Climate change

Today I got yet another reason to give up on my art. I received a beautifully worded, long-winding email from the organizers of a prestigious international art competition telling me that my work, which I had entered into their competition, was not picked by the juror. They went on to congratulate me, wish me all the best in my future endevours and hoped that I will try for 2014!

Well, now I am thinking maybe, really, my work is not good enough. And I am Ok with that. I will keep doing it. Maybe next year, the new juror will like it. Or by next year, I will not need to enter any competitions. I don't know. I will just keep drawing and painting because I love it so much.

After the initial disappointment of not being chosen, I realise something very important: For the first time in my life, I believe in my art. I marvel at it because it truly speaks the language of my heart and my life. Anyone who sees it, sees a little bit of me. And some may not like it, just as not everyone who knows me likes me. I am Ok with that too.

Mmmmhhhh, that's that. This is part of what I meant to write today with regards to the title above:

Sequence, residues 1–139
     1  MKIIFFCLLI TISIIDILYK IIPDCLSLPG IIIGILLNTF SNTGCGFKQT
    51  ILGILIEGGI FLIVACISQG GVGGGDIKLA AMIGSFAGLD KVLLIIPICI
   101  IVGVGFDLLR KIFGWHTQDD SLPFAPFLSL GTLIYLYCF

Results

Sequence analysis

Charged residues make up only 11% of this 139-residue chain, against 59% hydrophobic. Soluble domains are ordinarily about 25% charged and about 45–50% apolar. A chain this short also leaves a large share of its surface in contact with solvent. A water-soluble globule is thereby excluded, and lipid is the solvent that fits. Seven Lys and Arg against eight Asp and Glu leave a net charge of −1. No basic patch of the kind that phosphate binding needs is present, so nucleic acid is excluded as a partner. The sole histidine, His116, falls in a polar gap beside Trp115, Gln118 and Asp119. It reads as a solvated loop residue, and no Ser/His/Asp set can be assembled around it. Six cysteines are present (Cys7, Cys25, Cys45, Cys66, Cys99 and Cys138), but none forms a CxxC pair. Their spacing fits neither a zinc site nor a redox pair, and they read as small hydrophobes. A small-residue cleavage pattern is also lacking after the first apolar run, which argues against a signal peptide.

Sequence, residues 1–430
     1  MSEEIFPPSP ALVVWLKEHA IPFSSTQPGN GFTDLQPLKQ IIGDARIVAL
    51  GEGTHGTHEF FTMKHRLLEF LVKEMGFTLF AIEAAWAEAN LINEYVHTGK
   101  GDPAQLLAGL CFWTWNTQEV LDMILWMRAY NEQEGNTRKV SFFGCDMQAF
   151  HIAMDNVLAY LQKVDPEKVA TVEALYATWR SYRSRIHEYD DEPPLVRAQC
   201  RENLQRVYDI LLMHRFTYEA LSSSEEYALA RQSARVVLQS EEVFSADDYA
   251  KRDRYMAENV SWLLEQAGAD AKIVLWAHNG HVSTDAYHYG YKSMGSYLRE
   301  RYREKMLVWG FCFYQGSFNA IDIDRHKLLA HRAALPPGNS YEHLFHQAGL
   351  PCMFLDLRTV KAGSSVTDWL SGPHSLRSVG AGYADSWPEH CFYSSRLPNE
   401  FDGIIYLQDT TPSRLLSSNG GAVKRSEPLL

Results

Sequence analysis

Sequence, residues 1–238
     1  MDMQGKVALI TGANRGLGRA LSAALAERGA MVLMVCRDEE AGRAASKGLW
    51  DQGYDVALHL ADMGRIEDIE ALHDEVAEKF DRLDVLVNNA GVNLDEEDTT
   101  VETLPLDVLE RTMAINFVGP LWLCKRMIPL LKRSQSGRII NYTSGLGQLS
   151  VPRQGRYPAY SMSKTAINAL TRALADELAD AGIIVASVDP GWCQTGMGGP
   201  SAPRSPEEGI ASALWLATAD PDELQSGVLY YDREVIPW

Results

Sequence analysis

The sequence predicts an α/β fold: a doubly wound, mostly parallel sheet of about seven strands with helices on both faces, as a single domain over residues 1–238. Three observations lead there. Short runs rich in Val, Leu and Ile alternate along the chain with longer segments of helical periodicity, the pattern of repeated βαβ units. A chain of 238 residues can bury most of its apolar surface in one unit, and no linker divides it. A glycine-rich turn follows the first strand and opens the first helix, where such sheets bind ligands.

Winter is upon us. It is but only one moon ago that the sun shone brightly and scotched our skin, as our children played and our women sung joyous summer songs. Now, a cold wind blows from the sea, cutting short the rays of the sun. We huddle around the fire to catch some warmth as we reminisce over the beautiful summer days by the beach.

Our elders now lament about the frightfully long winters and grievously shorter summers. They tell us it was not always so. When they were young, the rainmakers could call upon the rain or hold the clouds at will. Now, our seasons are seasons no more for we cannot tell of their coming or their going.

Our learned men call it climate change. We call it the curse of a troubled earth.

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